Does car insurance cover engine failure?

Understanding car insurance and engine failure

Engine failure is frustrating, and you might be wondering, can car insurance cover it? Well, it depends. In some cases, your car insurance might cover your engine failure, but in others it might not.

It depends on the cause of the engine failure and the events leading up to it. It also depends on the type of insurance you have.

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Engine failure after an impact, accident or collision

So, when does car insurance cover engine failure?

You might be covered if an accident or collision damaged the engine, as this sort of damage is typically covered by insurance policies. It might even be possible to make a claim after some time has passed — for example, if you think an undiagnosed problem after a crash has caused the failure. However, you might need to prove that the engine failure was a direct result of the initial damage.

Find out more about car insurance cover for car accidents in our blog on 'What is motor legal protection?'

Engine failure due to damage after another incident

Damage to cars caused by fire or a flood can also cause longer-term damage to a car, which could cause engine failure further down the line. This may be covered by your insurance policy, but only if this sort of fire and flood are included in the wording of your policy.

So, if there was a fire at your home/ where your car’s stored or if water ingress caused damage to your engine, you might be covered, but you’d need to check the terms and conditions of your specific policy. You also might need to prove the link between the incident and the engine failure.

Engine failure due to wear and tear over time

Engines — as with lots of other things — tend to become less effective over time. New cars are much more efficient, effective and long-lasting, but the pressure put on the engine each time you use your car can still take its toll. Wear and tear can cause engine failure.

Insurance isn’t designed to cover the gradual wear and tear of items, it’s there in case of unexpected one-off events. This is true for car insurance, home insurance, and lots of other types of insurance. This means you probably won’t be covered for this type of broken engine.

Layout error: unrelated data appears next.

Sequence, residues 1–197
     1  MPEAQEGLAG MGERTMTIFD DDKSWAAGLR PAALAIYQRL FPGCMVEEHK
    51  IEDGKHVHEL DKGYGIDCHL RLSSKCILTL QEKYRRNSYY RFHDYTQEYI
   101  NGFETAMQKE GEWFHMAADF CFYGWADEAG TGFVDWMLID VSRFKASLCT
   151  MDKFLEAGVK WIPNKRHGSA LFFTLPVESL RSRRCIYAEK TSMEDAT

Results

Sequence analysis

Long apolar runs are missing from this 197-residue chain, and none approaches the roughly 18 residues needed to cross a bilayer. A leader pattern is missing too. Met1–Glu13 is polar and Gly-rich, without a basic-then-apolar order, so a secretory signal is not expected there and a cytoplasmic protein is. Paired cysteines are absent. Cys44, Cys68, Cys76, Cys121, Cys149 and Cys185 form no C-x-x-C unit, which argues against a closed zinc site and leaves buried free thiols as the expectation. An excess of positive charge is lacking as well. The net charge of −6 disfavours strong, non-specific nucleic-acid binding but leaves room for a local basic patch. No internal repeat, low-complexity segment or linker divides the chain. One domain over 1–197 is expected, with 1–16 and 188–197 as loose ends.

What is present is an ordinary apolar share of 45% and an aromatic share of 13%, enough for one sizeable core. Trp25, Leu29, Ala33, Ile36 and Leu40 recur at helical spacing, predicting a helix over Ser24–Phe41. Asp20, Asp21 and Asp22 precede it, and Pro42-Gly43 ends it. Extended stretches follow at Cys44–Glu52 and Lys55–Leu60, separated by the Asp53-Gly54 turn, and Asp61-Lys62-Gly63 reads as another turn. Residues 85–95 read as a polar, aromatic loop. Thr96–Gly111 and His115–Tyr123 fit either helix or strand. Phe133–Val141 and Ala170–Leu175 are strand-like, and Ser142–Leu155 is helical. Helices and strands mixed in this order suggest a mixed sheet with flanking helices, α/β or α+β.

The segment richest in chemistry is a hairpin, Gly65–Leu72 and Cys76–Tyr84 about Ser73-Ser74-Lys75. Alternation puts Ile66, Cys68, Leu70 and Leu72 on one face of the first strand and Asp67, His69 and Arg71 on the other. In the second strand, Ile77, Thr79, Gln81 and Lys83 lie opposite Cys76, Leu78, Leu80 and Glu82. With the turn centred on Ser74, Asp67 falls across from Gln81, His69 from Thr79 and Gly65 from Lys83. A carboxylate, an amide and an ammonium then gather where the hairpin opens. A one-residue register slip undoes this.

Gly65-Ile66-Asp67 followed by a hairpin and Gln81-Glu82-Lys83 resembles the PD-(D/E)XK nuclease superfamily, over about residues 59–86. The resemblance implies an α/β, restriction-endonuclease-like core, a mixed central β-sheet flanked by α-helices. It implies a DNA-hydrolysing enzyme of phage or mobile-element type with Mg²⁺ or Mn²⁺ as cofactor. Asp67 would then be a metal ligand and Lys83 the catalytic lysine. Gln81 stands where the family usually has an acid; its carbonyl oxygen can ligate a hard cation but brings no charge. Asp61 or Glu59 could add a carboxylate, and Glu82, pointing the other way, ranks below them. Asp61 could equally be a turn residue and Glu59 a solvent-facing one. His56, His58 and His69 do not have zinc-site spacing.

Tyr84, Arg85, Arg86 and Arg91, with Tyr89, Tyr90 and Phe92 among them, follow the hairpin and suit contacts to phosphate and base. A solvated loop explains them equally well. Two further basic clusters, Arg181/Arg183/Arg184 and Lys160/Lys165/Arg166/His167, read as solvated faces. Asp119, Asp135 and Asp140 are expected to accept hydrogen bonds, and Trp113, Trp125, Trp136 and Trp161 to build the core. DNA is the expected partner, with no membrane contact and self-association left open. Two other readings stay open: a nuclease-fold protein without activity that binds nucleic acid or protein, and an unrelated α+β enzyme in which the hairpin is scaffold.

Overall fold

Car insurance typically doesn’t cover mechanical problems like engine failure caused by carelessness — for example, failing to check your engine oil level or allowing the engine to overheat could result in mechanical failure.

Different types of insurance policies

So, does your insurance cover engine failure? In the UK, it might depend on what type of insurance policy you have.

Fully comprehensive

Comprehensive insurance typically covers the widest range of situations relating to your car, for you and others. You’ll probably need to prove that the engine breakdown was caused by something like an accident or fire, and not a natural result of the car's age and time spent on the road.

Third-party, fire and theft

If you have a third-party, fire and theft policy, you might find that mechanical breakdown insurance is included, but certain conditions will often apply. The failure will need to be caused by an incident covered by the policy — like a fire, an issue involving a third party, or mistreatment of the vehicle following a theft. Basically, you might be covered for your engine failure, but may be more restrictive than a fully comprehensive policy.


Third-party insurance is the minimum you need to have in the UK. It’s designed to provide cover for the costs of compensation and legal fees if you cause damage to other drivers or their vehicles. So, you probably won't be covered for your engine breaking on this type of insurance.

Does car insurance cover repairs or total replacement?

It depends. Your insurance provider might require an independent assessment to check if the damage to the engine can be covered. Then the amount you can claim may depend on whether the assessment says repairs are possible or a replacement engine is needed. Though it might be worth considering whether you would want to claim for repair or a new engine, as in some cases it could be more economical to replace the car than to replace the engine.

A few tips...

  • Typically, your insurance provider will need to check what the engine failure was caused by – so they know if the incident should be covered by your specific insurance policy.
  • Engine failure caused by wear and tear, age, or carelessness normally won't be covered.
  • The minimum third-party insurance probably won’t offer any cover.

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Urban Jungle is not a financial advisor and information in this article should not be taken as advice or recommendation.